The other pictures here are two sunny panels by Ridolfo Ghirlandaio, high up, with nice easy colouring; No. 92, an Adoration of the Shepherds by Lorenzo di Credi, with a good landscape and all very sweet and quiet; No. 98, a Deposition by Filippino Lippi and Perugino, in collaboration, with very few signs of Filippino; and No. 90, a Resurrection by Raffaellino del Garbo, an uncommon painter in Florence; the whole thing a tour de force, but not important.
And now let us look at the Angelicos again.
Before leaving the Accademia for the last time, one should glance at the tapestries near the main entrance, just for fun. That one in which Adam names the animals is so delightfully naive that it ought to be reproduced as a nursery wall-paper. The creatures pass in review in four processions, and Adam must have had to be uncommonly quick to make up his mind first and then rattle out their resultant names in the time. The main procession is that of the larger quadrupeds, headed by the unicorn in single glory; and the moment chosen by the artist is that in which the elephant, having just heard his name (for the first time) and not altogether liking it, is turning towards Adam in surprised remonstrance. The second procession is of reptiles, led by the snail; the third, the smaller quadrupeds, led by four rats, followed desperately close (but of course under the white flag) by two cats; while the fourth—all sorts and conditions of birds—streams through the air. The others in this series are all delightful, not the least being that in which God, having finished His work, takes Adam’s arm and flies with him over the earth to point out its merits.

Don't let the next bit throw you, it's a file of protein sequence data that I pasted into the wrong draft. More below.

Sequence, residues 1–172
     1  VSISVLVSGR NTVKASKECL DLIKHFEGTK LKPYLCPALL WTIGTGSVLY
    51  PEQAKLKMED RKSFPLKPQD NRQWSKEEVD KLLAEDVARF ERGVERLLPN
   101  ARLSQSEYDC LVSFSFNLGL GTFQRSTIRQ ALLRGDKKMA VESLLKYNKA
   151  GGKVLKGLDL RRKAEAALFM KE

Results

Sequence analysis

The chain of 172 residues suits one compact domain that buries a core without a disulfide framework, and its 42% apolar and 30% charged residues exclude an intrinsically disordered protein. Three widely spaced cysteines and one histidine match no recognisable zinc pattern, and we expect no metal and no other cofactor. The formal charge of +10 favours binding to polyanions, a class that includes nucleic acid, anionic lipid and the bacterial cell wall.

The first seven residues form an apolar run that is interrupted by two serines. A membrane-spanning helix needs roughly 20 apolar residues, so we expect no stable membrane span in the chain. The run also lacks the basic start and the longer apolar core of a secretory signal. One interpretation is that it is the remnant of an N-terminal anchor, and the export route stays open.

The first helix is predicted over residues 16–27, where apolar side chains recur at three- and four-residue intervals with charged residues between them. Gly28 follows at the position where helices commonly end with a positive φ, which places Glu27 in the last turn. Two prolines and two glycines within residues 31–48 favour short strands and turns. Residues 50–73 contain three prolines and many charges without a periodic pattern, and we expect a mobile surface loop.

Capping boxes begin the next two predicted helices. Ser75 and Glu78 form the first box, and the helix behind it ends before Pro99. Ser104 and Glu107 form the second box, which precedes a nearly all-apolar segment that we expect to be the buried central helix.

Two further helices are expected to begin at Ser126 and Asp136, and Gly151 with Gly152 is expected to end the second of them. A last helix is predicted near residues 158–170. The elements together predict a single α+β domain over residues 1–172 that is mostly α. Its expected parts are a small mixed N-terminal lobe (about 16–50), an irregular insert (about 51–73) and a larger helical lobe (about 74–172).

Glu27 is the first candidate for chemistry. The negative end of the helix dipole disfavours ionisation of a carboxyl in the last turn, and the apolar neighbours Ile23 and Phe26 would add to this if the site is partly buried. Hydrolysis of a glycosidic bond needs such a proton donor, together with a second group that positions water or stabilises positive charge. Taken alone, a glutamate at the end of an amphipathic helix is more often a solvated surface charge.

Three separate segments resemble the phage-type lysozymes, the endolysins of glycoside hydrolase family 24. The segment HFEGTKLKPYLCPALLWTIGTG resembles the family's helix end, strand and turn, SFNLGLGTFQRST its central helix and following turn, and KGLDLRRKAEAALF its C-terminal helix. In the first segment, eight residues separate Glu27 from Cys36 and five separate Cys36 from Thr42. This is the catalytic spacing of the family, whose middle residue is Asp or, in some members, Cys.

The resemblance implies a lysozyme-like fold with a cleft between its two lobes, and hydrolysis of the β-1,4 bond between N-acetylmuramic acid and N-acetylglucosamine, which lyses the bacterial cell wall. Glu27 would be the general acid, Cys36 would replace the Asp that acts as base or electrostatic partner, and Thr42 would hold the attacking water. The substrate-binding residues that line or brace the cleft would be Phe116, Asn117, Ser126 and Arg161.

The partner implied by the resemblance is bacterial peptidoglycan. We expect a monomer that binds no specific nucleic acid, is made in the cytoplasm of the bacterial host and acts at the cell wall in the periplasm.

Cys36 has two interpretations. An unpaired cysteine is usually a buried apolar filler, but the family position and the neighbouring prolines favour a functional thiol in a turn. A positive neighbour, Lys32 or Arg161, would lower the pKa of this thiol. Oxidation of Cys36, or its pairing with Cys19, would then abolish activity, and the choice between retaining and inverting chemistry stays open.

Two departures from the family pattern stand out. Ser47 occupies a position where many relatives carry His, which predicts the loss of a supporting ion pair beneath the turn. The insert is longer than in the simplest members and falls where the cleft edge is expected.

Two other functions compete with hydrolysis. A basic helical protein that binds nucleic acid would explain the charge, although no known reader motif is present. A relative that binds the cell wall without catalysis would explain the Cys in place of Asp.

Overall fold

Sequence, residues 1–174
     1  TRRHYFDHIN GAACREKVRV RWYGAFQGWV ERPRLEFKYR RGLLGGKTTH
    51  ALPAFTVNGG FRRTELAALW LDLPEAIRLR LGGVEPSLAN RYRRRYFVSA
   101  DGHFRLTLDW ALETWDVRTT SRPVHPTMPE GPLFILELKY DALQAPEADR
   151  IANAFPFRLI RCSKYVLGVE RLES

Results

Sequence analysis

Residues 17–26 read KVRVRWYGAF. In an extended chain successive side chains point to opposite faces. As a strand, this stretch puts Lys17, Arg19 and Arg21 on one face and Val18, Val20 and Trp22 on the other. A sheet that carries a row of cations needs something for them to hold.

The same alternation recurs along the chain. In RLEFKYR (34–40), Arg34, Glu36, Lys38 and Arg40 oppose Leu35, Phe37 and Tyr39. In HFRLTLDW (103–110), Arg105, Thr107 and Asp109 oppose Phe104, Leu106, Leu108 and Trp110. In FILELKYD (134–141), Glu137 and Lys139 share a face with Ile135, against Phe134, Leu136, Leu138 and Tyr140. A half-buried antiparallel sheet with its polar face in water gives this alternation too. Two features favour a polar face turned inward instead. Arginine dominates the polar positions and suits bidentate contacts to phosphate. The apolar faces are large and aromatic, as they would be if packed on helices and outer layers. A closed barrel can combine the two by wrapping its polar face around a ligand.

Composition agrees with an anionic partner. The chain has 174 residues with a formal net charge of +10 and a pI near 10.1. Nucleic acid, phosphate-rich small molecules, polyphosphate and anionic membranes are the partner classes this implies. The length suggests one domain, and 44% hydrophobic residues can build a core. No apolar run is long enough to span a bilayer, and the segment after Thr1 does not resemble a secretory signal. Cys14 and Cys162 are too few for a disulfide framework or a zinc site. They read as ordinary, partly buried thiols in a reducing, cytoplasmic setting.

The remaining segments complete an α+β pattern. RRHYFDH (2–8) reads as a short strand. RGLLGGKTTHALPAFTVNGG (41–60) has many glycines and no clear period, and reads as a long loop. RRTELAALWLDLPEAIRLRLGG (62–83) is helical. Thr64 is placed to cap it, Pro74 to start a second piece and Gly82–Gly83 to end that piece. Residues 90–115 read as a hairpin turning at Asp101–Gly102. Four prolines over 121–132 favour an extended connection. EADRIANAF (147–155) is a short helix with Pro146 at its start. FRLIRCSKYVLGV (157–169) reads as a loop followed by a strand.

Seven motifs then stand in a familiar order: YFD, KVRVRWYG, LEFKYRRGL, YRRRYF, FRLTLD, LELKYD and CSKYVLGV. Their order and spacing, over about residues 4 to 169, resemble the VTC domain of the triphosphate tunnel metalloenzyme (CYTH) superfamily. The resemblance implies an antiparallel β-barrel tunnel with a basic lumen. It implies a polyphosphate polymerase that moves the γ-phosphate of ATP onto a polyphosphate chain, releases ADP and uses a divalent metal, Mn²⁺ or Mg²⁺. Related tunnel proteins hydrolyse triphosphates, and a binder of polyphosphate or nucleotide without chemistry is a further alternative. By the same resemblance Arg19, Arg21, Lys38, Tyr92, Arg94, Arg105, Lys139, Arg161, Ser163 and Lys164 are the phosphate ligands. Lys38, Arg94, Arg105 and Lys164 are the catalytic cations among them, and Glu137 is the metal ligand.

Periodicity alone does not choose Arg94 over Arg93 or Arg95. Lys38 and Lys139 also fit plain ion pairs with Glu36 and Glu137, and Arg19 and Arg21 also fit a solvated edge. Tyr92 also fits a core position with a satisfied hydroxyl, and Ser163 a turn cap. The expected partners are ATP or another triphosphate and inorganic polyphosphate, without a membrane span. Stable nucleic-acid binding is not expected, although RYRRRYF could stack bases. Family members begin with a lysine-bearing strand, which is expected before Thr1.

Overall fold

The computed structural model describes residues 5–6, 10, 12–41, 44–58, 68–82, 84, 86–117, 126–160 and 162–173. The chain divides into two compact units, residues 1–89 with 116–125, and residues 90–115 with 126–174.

Two Monasteries and a Procession
The Certosa—A Company of Uncles—The Cells—Machiavelli—Impruneta—The della Robbias—Pontassieve—Pelago—Milton’s simile—Vallombrosa—S. Gualberto—Prato and the Lippis—The Grassina Albergo—An American invasion—The Procession of the Dead Christ—My loss.
Everyone who merely visits Florence holds it a duty to bring home at least one flask of the Val d’Ema liqueur from the Carthusian monastery four or five miles distant from the city, not because that fiery distillation is peculiarly attractive but because the vessels which contain it are at once pretty decorations and evidences of travel and culture. They can be bought in Florence itself, it is true (at a shop at the corner of the Via de’ Cerretani, close to the Baptistery), but the Certosa is far too interesting to miss, if one has time to spare from the city’s own treasures. The trams start from the Mercato Nuovo and come along the Via dell’ Arcivescovado to the Baptistery, and so to the Porta Romana and out into the hilly country. The ride is dull and rather tiresome, for there is much waiting at sidings, but the expedition becomes attractive immediately the tram is left. There is then a short walk, principally up the long narrow approach to the monastery gates, outside which, when I was there, was sitting a beggar at a stone table, waiting for the bowl of soup to which all who ask are entitled.